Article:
RASHMI OBEROI | 22 AUGUST, 2019
The Silent Sufferers
Violence against women
The mute victims… Accepting… Longsuffering… Plodding on… They are all around us and if you notice long and hard enough, you’ll be horrified to see quite a few.
It equally disturbs me to see that those targeted are unable to deal with this kind of subjugation and put an end to it. The signs are always there and you can feel those piercing eyes pleading for help and yet they don’t have the strength to put a stop or the courage to fight back.
One third of women and more than two-thirds in some countries have experienced physical or sexual violence inflicted by an intimate partner or sexual violence inflicted by a non-partner at some point. Some break out of it but there are others who hesitate to reach out for help. A global phenomenon - violence against women and girls affects all societies and cuts across boundaries of age, socioeconomic status, education and geography.
It is indeed a very sensitive issue but how does one tackle such a complex problem. The need to understand it from a human development perspective is obvious. I know these are all based on individual and random acts but in a broader outlook it stems from gendered social structures. Firmly rooted in cultural norms and religious and patriarchal value systems, violence is often justified and internalized by both men and women, who often legitimize it as ‘natural’ and ‘right’. Such patterns of violence cut deep into many societies and if they are not tackled there is little doubt they will be perpetuated across generations. Much needs to be done to tackle these barriers.
In everyday situations where women are unequal and unsafe, they cannot fully participate in society. Violence against women affects everyone and those undergoing it long-term, the results are terrifying. Violence takes countless forms, from domestic abuse and dating violence to online and street harassment, sexual harassment at work, rape as a weapon of war, bullying, reproductive coercion, forced and early marriage, stalking, and more. The list is endless.
The underlying causes against women are inequality and discrimination. A life free of violence and discrimination is a basic human right, one that every person and child deserves. No one should be subjected to torture or to cruel, inhuman or degrading treatment or punishment. Violence is one expression of women’s unequal status. It varies in form and degree across cultures and countries, but persists worldwide. Witnessing violence in one’s home is the strongest predictor of violence in one’s adult and intimate relationships.
Violence against women is staggering in scale. It is also one of the easiest things to stop. All it needs is for us to act. We can start in our homes and our schools by teaching kids to respect boys and girls. We can demand enforcement of laws that protect women and punish offenders. We can speak up in our workplaces, groups, audiences, and schools. We can use social media to challenge bullying and promote human rights. The power to change the world for women, for girls, for everyone is in our hands.
India’s attitudes towards women reflect apathy and an acceptance of sexual harassment. The tendency to judge and police what women do and wear is inseparable from the normalization of sexual harassment: both reflect a broader pattern of social control over women’s bodies.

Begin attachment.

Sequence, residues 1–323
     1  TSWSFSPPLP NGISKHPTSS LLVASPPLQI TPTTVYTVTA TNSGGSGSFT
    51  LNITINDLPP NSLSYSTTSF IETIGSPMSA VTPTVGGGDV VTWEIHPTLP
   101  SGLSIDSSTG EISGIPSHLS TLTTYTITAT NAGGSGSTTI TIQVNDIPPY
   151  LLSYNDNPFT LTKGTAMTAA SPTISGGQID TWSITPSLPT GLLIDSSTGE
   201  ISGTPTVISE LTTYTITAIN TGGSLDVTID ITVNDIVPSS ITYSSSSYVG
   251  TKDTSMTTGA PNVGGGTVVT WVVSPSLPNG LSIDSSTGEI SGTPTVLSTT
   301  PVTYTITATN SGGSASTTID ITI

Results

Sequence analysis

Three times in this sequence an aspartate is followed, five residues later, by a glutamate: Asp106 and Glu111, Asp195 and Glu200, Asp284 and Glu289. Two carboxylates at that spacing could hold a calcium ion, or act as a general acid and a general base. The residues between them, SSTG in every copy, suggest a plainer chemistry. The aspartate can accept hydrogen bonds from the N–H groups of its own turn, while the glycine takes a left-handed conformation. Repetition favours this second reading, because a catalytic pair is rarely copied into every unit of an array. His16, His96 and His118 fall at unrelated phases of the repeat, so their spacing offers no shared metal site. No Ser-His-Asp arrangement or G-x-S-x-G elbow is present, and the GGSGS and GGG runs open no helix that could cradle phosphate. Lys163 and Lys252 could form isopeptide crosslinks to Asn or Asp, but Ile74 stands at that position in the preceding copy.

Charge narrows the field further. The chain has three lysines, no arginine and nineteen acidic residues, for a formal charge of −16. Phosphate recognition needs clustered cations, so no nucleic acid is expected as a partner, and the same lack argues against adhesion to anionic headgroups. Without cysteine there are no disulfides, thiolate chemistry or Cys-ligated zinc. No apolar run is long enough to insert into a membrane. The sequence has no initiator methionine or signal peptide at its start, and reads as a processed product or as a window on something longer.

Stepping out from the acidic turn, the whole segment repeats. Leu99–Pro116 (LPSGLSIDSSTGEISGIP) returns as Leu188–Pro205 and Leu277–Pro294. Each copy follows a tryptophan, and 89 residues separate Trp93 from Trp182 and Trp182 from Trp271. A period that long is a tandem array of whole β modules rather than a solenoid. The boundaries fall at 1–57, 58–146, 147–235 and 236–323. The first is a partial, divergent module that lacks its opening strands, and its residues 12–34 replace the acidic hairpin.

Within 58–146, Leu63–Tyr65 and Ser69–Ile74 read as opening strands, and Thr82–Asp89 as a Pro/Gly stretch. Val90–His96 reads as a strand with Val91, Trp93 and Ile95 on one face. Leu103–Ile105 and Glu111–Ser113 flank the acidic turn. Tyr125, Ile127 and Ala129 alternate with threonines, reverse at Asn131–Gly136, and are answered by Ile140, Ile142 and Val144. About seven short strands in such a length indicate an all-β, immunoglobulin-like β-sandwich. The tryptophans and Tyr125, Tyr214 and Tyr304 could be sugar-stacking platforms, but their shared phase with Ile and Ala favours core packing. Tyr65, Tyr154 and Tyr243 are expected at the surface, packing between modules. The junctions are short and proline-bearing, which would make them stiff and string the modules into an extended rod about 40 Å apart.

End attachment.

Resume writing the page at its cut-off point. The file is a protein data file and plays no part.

The police are held most responsible for ensuring women’s safety. They undoubtedly have an important role to play; and could do a better job. However, a better solution may be to target gender norms that lead to such behaviour in the first place. Education can be powerful, in schools, families and society at large. Gender-sensitization efforts need to be expansive, targeting children and adults.
The effects of violence can remain with women and children for a lifetime, and can pass from one generation to another. Studies show that children who have witnessed, or been subjected to, violence are more likely to become victims or abusers themselves. Violence against women and girls is an extreme manifestation of gender inequality and systemic gender-based discrimination. The right of women and children to live free of violence depends on the protection of their human rights and a strong chain of justice.
For an effective response to this violence, different sectors in society must work together. A rape survivor must have rapid access to a health clinic that can administer emergency medical care, including treatment to prevent HIV and unintended pregnancies and counselling. A woman who is beaten by her husband must have someplace to go with her children to enjoy safety, sanity and shelter. A victim of violence must have confidence that when she files a police report, she will receive justice and the perpetrator will be punished. And an adolescent boy in school who learns about health and sexuality must be taught that coercion, violence and discrimination against girls are unacceptable.
Courts and the justice system must be accessible and responsive to criminal and civil matters relating to violence against women. Women must be informed of their legal rights and supported to navigate the legal system. This means that we need to take a long-term, systemic and comprehensive approach that recognizes and protects women’s and children’s full and equal human rights.
We must promote a culture of equality between men and women through institutional and legal reform, education, awareness-raising and the full engagement of men and boys. Ending violence against women should be one of our key priorities and a critical part of a mission to achieve gender equality and women’s empowerment.
I think we can all agree that the time for complacency is long gone, has passed and belongs to another era. The silence on violence against women and children has been broken and this is the time for stronger action.
~ While waiting for change, Enduring and long-suffering… ~